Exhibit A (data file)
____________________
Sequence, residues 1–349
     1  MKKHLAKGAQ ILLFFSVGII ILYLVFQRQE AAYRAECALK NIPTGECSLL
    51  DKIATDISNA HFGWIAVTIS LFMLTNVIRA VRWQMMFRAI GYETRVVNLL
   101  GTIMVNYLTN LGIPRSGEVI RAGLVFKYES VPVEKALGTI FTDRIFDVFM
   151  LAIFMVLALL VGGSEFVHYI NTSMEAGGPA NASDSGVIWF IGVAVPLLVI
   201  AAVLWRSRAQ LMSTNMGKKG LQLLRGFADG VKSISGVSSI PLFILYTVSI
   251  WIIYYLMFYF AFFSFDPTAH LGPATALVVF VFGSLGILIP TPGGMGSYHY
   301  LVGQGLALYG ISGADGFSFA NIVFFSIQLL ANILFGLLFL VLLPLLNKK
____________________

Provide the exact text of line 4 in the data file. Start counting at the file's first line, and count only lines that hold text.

   101  GTIMVNYLTN LGIPRSGEVI RAGLVFKYES VPVEKALGTI FTDRIFDVFM